are unique because they are the only flowering plant that spends its
entire life cycle in seawater and is one of the most important
inhabitants of the Indian River Lagoon. These communities are highly
productive, full of fauna, and an ecologically and economically
valuable habitat by acting as nurseries, food, and homes for many
aquatic species found in the lagoon such as juvenile fish, shrimp,
manatees, and sea turtles. Seagrasses also add dissolved oxygen to the
water thus allowing aquatic animals to breathe. Due to these
activities, seagrasses are the basis for a $1 billion a year
recreational and commercial fishing industry in the Indian River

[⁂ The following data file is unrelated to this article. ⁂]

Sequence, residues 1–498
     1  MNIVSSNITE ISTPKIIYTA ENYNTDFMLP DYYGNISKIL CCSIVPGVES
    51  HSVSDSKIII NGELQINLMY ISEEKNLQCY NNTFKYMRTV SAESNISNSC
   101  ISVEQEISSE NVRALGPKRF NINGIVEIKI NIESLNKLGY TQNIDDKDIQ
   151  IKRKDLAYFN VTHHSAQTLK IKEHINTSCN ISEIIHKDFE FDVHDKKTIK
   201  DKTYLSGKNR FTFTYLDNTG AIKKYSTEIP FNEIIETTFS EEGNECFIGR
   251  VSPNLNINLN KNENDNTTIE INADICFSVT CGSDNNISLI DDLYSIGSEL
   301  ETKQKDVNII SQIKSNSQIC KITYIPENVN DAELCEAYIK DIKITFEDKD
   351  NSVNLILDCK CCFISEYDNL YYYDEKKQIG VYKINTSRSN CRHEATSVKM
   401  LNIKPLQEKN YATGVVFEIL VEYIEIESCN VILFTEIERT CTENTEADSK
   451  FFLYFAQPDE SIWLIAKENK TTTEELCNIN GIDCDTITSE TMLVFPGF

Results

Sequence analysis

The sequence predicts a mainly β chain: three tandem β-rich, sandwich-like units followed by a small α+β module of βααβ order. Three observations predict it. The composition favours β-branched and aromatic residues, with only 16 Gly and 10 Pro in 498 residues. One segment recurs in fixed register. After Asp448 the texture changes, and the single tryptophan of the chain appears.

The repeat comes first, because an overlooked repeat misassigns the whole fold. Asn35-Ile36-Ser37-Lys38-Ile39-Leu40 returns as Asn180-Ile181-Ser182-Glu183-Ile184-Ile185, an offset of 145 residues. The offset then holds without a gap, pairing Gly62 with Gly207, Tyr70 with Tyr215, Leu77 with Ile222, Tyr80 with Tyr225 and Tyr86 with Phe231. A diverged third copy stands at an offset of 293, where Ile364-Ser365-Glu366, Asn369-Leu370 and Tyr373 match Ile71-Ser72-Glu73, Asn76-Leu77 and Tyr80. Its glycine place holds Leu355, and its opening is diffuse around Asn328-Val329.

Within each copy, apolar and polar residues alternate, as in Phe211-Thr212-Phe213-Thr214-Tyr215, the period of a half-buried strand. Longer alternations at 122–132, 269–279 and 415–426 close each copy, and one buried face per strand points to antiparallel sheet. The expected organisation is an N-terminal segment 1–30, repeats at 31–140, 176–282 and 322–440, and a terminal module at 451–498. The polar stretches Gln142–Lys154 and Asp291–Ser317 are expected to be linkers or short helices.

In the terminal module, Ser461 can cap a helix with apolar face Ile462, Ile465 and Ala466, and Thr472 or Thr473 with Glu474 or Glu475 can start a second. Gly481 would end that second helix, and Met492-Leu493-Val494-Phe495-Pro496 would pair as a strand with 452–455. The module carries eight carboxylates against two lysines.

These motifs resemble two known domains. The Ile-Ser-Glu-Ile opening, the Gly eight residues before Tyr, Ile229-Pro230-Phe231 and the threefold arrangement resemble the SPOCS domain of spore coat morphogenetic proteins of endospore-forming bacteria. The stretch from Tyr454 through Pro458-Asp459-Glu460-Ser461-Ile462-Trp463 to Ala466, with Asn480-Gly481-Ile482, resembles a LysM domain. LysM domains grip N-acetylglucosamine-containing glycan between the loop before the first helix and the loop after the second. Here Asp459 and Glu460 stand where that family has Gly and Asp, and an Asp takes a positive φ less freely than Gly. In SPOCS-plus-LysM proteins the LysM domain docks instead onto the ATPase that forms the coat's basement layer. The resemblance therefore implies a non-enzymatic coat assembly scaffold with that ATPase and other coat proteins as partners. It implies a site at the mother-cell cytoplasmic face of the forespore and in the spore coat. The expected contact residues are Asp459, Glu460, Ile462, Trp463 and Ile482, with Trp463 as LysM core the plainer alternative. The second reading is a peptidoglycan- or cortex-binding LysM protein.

addition to these important features, seagrasses improve the water
quality by filtering some pollutants from the water and stabilizing
the loose sediment with their roots and rhizomes.
seagrass populations in the Indian River Lagoon have been declining.
From Stuart to
major reason for this decline is the reduction of the water quality of
the lagoon. Storm water runoff carries nonpoint source pollution from
commercial, residential, and agricultural areas into the lagoon. The
runoff contains chemicals, fertilizers, silt, and debris. These
pollutants negatively impact the seagrass meadows by increasing water
turbidity, algal blooms, and toxicity.